However, Doug Lewin, Executive Vice President at Optimal, said the UIGEA allows for individual states to offer online gambling to its residents. Nevada, New Jersey and Delaware already allow for it, with more populated states like California and New York hopefully following suit, Lewin added.

Development of online gambling has been a "slower process than if the United States passed one federal bill, but our sense is that over time many states will legalize and regulate online gaming," Lewin said.

Kleinman pointed out that Optimal is more than just an online gambling processor. "And that's what really excites us," he said. "So whether it's gaming transactions or e-commerce transactions, they work with a number of the big brands out there, in some of the regions of Canada and Europe. So our ability to access their infrastructure and product offering really enables us to provide a more well-rounded suite of products to the ISO, MLS community."

"It's very exciting for both teams," Chafinoff said. "Both teams have proven track records and are very dynamic and enthusiastic about what we can do together. Like we said, it's about the geographical reach. It's about the product offering. And it's taking advantage of a situation where one plus one can equal much more than two."


ETA seeks Operation Choke Point petition signatures
Thursday, July 17, 2014

O n Friday, July 18, the Electronic Transactions Association will submit the first round of signatures gathered in a petition advising Congress to curtail the federal law enforcement initiative Operation Choke Point. The initiative holds payments companies responsible for merchant fraud. Members of the payments industry are encouraged to sign the ETA petition by visiting https://www.change.org/petitions/u-s-house-of-representatives-tell-congress-operation-choke-point-is-choking-off-legitimate-commerce .

In early 2013, the Department of Justice launched what became known as Operation Choke Point, representing an expansive investigation of banks and payment processors, with the objective of combating fraud by choking out fraudulent merchants' access to payment systems.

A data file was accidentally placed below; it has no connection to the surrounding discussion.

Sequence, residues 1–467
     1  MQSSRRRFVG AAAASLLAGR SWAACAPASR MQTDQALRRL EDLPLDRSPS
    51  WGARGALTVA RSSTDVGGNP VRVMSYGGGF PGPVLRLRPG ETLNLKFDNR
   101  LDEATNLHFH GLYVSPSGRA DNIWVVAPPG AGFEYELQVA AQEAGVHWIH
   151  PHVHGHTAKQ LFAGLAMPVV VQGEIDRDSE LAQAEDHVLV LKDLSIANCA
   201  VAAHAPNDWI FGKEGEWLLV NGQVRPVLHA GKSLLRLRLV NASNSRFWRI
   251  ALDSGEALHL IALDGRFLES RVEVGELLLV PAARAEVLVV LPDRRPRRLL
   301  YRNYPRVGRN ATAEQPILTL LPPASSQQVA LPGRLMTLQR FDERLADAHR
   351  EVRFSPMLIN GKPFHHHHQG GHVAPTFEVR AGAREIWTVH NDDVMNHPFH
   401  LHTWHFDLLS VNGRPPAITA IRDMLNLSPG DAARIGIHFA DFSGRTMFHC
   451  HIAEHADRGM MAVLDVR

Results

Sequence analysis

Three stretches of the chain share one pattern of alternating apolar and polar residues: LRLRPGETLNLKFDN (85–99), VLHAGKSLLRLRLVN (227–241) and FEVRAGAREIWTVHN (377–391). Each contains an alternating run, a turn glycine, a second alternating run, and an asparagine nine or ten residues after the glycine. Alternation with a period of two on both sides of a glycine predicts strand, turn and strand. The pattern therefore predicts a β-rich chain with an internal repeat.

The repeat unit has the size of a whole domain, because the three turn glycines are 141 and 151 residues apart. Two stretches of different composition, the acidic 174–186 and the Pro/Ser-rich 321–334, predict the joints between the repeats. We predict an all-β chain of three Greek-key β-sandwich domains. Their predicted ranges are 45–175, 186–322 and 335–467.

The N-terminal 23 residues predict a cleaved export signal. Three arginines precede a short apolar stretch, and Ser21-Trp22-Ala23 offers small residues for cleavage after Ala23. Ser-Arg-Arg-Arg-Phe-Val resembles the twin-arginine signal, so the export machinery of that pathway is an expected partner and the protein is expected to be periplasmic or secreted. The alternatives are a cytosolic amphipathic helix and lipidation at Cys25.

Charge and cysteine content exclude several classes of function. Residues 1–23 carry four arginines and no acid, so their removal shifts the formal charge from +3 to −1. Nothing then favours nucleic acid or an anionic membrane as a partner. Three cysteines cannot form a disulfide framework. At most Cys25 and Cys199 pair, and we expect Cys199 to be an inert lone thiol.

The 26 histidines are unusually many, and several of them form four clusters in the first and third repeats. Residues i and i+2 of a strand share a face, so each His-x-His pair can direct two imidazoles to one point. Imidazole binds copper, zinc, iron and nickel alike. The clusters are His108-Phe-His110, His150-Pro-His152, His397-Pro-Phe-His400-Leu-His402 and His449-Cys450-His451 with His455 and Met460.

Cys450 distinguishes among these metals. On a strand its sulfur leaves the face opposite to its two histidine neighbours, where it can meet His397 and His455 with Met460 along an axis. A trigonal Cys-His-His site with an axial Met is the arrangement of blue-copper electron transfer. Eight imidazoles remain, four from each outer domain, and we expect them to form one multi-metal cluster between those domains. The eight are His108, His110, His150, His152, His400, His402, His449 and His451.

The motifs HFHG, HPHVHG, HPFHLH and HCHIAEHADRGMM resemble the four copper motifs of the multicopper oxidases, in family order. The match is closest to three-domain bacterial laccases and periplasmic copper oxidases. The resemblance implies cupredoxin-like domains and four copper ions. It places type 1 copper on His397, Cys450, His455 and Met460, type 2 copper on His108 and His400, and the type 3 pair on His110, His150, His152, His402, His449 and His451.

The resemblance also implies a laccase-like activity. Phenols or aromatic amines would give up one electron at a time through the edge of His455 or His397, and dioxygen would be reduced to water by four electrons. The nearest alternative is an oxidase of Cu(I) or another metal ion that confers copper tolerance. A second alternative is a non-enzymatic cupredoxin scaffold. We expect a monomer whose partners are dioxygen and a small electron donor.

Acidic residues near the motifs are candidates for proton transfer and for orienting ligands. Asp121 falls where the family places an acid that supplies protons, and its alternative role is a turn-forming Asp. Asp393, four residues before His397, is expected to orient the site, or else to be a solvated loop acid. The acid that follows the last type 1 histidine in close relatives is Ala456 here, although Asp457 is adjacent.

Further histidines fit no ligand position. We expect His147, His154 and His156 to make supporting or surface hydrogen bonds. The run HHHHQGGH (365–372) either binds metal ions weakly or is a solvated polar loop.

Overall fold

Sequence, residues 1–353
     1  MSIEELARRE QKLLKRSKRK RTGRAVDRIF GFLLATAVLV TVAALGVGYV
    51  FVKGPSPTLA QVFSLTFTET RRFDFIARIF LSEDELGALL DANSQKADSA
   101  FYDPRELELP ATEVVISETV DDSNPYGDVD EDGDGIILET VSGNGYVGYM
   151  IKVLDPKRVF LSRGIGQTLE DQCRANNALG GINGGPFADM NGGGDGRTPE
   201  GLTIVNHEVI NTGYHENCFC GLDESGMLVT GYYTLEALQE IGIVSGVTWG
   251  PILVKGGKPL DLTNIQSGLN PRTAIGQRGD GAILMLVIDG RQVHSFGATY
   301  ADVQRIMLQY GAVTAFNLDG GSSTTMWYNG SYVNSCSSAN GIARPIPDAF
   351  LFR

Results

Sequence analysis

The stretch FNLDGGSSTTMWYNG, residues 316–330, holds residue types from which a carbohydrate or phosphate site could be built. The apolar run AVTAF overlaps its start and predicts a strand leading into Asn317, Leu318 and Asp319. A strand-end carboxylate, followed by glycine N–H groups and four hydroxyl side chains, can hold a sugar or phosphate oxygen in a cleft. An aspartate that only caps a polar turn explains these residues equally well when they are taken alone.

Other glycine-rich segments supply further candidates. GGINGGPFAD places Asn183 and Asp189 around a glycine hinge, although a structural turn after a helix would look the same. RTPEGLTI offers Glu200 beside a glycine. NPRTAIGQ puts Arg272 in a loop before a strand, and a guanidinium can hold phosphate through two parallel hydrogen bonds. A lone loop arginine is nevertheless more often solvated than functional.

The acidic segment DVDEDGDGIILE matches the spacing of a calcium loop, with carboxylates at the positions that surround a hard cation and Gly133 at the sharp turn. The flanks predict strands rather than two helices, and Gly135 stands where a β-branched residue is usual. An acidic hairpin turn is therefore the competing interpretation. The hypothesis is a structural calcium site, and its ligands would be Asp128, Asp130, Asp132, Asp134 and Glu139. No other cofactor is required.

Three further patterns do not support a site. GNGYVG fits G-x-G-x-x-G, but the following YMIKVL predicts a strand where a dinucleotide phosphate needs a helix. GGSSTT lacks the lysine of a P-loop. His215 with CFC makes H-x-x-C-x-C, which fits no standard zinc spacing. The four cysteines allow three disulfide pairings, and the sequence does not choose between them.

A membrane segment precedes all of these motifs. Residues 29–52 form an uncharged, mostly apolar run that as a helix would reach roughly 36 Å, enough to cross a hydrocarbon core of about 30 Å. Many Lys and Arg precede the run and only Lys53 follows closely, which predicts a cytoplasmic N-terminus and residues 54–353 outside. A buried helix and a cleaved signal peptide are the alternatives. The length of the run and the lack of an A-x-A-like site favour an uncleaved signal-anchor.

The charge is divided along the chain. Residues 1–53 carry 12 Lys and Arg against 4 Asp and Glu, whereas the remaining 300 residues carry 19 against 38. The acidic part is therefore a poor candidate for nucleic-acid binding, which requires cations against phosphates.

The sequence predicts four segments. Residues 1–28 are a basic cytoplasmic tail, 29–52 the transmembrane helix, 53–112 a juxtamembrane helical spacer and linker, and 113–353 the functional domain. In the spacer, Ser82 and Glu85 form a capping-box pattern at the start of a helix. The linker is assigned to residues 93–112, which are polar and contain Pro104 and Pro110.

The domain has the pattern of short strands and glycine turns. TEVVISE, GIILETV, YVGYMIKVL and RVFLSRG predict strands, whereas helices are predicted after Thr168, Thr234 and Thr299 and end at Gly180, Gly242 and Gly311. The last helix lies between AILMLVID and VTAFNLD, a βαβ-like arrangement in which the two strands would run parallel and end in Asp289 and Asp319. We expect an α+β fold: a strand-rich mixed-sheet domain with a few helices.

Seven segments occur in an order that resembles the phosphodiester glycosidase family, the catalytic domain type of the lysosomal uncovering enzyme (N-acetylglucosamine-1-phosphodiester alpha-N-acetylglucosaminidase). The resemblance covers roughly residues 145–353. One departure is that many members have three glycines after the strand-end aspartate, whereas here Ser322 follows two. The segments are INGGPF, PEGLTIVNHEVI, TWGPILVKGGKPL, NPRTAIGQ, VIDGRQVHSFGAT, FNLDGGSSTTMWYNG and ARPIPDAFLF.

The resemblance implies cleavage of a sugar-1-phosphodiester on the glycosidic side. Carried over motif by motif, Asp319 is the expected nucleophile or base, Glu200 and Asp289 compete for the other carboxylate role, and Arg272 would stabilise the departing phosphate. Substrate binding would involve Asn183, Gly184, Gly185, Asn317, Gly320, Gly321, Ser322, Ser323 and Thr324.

"Although well intentioned, the federal agencies supporting Operation Choke Point are aiming in the wrong direction," said Jason Oxman, Chief Executive Officer of the ETA. "By targeting payments companies instead of fraudulent merchants, the Financial Fraud Enforcement Task Force is ignoring the payments industry's massive efforts to identity and eliminate fraud."

This week four congressional hearings were held to discuss concerns over Operation Choke Point, the last one July 17. The ETA testified in the July 17 hearing before the House Judiciary Subcommittee on Regulatory Reform. This will be detailed further in an upcoming article in The Green Sheet.


In-app billing at issue, again
Tuesday, July 15, 2014

T he Federal Trade Commission alleged that Amazon.com unlawfully billed parents to the tune of millions of dollars for the in-app purchases of their children. The complaint follows a similar FTC action against Apple Inc. earlier this year in which the tech giant agreed to reimburse parents for charges incurred by their children via the lucrative mobile app ecosystem.

In the July 10, 2014, complaint, the FTC charged that the online mega retailer violated the FTC Act by billing parents and other Amazon accountholders for the usually small-dollar in-app purchases made by their children without the permission of parents or other accountholders. "Amazon’s setup allowed children playing these kids’ games to spend unlimited amounts of money to pay for virtual items within the apps such as 'coins,' 'stars,' and 'acorns' without parental involvement," the FTC said.

The complaint stated that when Amazon introduced in-app payments via the Amazon Appstore in November 2011, no user authentication mechanism, such as passwords, was used by Amazon to ensure the proper accountholders were conducting in-app transactions, including transactions for games and other apps that appeal to children. The FTC said this lack of authentication resulted in parents having to "foot the bill for charges they didn’t authorize."

The FTC noted that children’s games, like "Ice Age Village," blur the line of "what costs virtual currency and what costs real money" for gamers. In the case of "Ice Age Village," gamers can collect "acorns" as part of advancement through the game. However, gamers can also purchase by some electronic payment account additional “coins” and “acorns” via an in-app screen "visually similar to the one that has no real-money charge," the FTC said.

House on fire?

The FTC also furnished internal communications among Amazon employees beginning in December 2011 that suggest Amazon knew the lack of authentication controls was problematic. The FTC quoted from one communication as saying that allowing unlimited in-app charges without password protection would negatively impact a large percentage of Amazon customers.